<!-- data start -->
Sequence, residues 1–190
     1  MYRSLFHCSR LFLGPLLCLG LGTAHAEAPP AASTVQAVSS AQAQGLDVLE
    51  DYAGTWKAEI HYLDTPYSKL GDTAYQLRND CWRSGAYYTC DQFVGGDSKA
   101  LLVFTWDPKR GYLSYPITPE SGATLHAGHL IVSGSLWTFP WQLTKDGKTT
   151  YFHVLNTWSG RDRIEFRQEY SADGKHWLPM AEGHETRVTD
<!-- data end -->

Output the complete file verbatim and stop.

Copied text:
Sequence, residues 1–190
     1  MYRSLFHCSR LFLGPLLCLG LGTAHAEAPP AASTVQAVSS AQAQGLDVLE
    51  DYAGTWKAEI HYLDTPYSKL GDTAYQLRND CWRSGAYYTC DQFVGGDSKA
   101  LLVFTWDPKR GYLSYPITPE SGATLHAGHL IVSGSLWTFP WQLTKDGKTT
   151  YFHVLNTWSG RDRIEFRQEY SADGKHWLPM AEGHETRVTD